Few things in life are certain. We will all age. We will all experience anger, joy, hunger and thirst at one point or another. And of course, we will all pass away. Your loved ones are included. When death cannot be avoided, we must prepare to deal with it as best we can. Once this inevitable tragedy occurs, we cannot control how we feel or how we process it. We can, however, understand the stages and take steps to not experience permanent trauma and move on more comfortably.
In 1969, a swiss psychiatrist introduced five stages of grief. Dr Elizabeth Dr. Kübler-Ross’ model has been generally accepted as a fairly accurate depiction of the emotions that people who are either terminally ill or lose a loved one go through. The stages are denial, anger, bargaining, depression, and acceptance. They’re a way to process the trauma. The doctor developed these not simply to understand them better, but to develop techniques to navigate the journey.
The initial impact of loss is incredulity. You try to make yourself believe it hasn’t occurred. It’s natural to seek the path of least resistance.
“When you’re in denial about the loss, you try to convince yourself or others that the event hasn’t happened or isn’t permanent. You know the facts, of course. If your spouse has died, you might accept that it happened, but then believe for a time that his or her death means nothing to you.” – Julia Thomas
This symptom shows itself in all facets of life. If you lose your job, for example, you will tell yourself you didn’t want it in the first place. If you parents get a divorce, you might pretend they were never meant to be together.
A common reaction to loss is anger. The emotion could be directed at the person who left you. It could mean you are angry with yourself. This might reveal itself in arguments, sarcasm or being irritated by little issues. This is not a negative response in its totality as it helps you move on to the next stage. As long as it does not manifest in a way that hurts another person.
Eventually, you will try to get back what you lost in one way or the other. Some people turn to God, asking for a return of what they lost in exchange for living their life differently. Kids may say, “will my parents get back together if I clean my room more often?” Although this is a necessary step, often the discussions don’t have to end with a positive solution. The act of bargaining itself helps the individual conclude that the loss was finite and out of their control.
The next stage in the process can be mistaken with clinical depression, and sometimes lead to it. Incapacitation, hysterical crying, sleep loss or over sleeping and changes in appetite are just a few of the symptoms. Even though whatever loss led to this stage might make it seem like your life has ended in one way or another, it is ephemeral and always passes.
This is the last of Dr. Kübler-Ross’ stages of grief. At this point, you have come to terms with what you lost. You are no longer angry or deceiving yourself. Your life can begin again. Many people feel reborn after overcoming trauma and finishing all the stages.
Yes, loss is painful. No one would blame you for trying to suppress it, hide it and run away from it. But when you do that, you risk depression, substance abuse or any set of health problems. You can’t go through the stages unless you experience them. Let it out, cry, scream and anything else you need.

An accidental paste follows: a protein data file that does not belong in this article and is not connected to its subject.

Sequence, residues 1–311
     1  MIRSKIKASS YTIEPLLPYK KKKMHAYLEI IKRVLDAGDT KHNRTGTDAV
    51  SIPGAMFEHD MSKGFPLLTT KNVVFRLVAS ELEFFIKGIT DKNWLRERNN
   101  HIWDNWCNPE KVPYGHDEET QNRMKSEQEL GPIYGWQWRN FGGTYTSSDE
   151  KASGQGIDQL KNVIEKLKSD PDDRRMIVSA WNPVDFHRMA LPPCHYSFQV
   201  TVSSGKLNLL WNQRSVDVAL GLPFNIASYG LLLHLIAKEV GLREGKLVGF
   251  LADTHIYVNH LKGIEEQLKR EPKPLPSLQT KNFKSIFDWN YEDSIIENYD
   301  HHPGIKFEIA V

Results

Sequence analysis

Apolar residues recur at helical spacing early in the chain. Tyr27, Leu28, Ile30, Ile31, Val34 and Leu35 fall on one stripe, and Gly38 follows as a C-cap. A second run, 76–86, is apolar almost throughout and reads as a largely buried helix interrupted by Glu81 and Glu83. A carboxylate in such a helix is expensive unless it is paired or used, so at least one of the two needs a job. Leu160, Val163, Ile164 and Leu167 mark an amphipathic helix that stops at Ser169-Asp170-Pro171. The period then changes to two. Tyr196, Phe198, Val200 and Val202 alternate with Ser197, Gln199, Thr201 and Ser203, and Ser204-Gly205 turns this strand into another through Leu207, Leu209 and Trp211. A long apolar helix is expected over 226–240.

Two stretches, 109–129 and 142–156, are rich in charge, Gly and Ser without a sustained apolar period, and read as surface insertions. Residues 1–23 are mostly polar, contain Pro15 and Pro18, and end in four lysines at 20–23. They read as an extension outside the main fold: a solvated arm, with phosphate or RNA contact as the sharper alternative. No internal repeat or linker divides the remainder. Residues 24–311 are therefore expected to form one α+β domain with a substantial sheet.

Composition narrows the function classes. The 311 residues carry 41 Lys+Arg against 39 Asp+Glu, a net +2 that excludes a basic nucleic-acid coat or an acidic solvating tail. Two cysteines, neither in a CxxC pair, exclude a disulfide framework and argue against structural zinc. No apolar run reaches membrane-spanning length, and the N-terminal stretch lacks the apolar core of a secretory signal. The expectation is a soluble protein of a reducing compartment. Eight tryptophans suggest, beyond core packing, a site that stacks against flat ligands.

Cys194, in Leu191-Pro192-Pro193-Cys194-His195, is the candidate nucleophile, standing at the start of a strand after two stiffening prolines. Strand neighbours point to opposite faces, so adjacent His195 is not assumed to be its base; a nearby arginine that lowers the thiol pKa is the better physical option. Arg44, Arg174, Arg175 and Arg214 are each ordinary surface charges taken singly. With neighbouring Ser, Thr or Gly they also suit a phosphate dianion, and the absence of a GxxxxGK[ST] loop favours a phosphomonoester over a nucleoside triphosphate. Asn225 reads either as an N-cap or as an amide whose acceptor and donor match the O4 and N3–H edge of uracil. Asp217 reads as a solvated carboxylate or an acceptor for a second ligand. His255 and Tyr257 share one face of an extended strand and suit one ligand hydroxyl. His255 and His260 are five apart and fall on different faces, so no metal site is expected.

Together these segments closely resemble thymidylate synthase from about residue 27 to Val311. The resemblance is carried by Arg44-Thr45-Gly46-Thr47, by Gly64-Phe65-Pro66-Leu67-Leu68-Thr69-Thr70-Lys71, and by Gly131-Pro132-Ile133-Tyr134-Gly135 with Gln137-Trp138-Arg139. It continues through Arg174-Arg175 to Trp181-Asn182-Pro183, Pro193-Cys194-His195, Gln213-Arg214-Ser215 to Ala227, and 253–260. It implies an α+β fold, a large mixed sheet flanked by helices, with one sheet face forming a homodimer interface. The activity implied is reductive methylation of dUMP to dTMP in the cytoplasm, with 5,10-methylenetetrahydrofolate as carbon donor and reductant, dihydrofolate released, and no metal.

“Trying to ignore your pain or keep it from surfacing will only make it worse in the long run. For real healing it is necessary to face your grief and actively deal with it.” – Melinda Smith, M.A., and Jeanne Segal, Ph.D., on Helpguide.org.
If hiding your head in the sand and living the hermit life is a part of your process, go for it. That’s fine – for a while. Eventually, you need to move forward and rejoin society. Alone time is fine but isolation isn’t healthy. Humans are a social species. We prosper in tribes because confidants and spiritual leaders help us through the journey. Reach out to someone if you can, there is no shame. There is less weight to carry when you have someone to lean on, figuratively and literally.
Staring out at the raindrops and living deep in thoughts of your loved one can make you forget about the normal everyday tasks. At first, loss of appetite and disregard for bodily requirements has menial consequences. But if it lasts, it only makes the trauma worse. Baths, exercise and healthy nutrition helps the brain operate and process the thoughts needed.
Numbing ones pain with substances can lead to worsening symptoms, incarceration and even death. If you a mourning someone, keep in mind how they would like you to live once they are gone. Instead of turning to drugs, distract yourself with sports, exercise and social activities. Consider counseling or even giving back through volunteering.
Some things can’t be healed by time. It is futile to wait for everything to go back to the way it was. When you lose someone or something you love, sometimes the void will remain. Instead of fear, sadness or despair from the new sensation, make it a part of life. Like a scar, a beauty mark or a white streak of hair from poliosis, learn to live with it and try to make it a strength.
To conclude, If you haven’t experienced this type of loss, the least you can do is prepare for it. Until it happens, no one can truly explain it to you. However, things like financial burdens, funeral costs and loss of income could really affect a family if a member passes away. Consider the healthy habits mentioned above in addition to Term Life insurance. It is easier to take a journey through the grieving process without financial worries.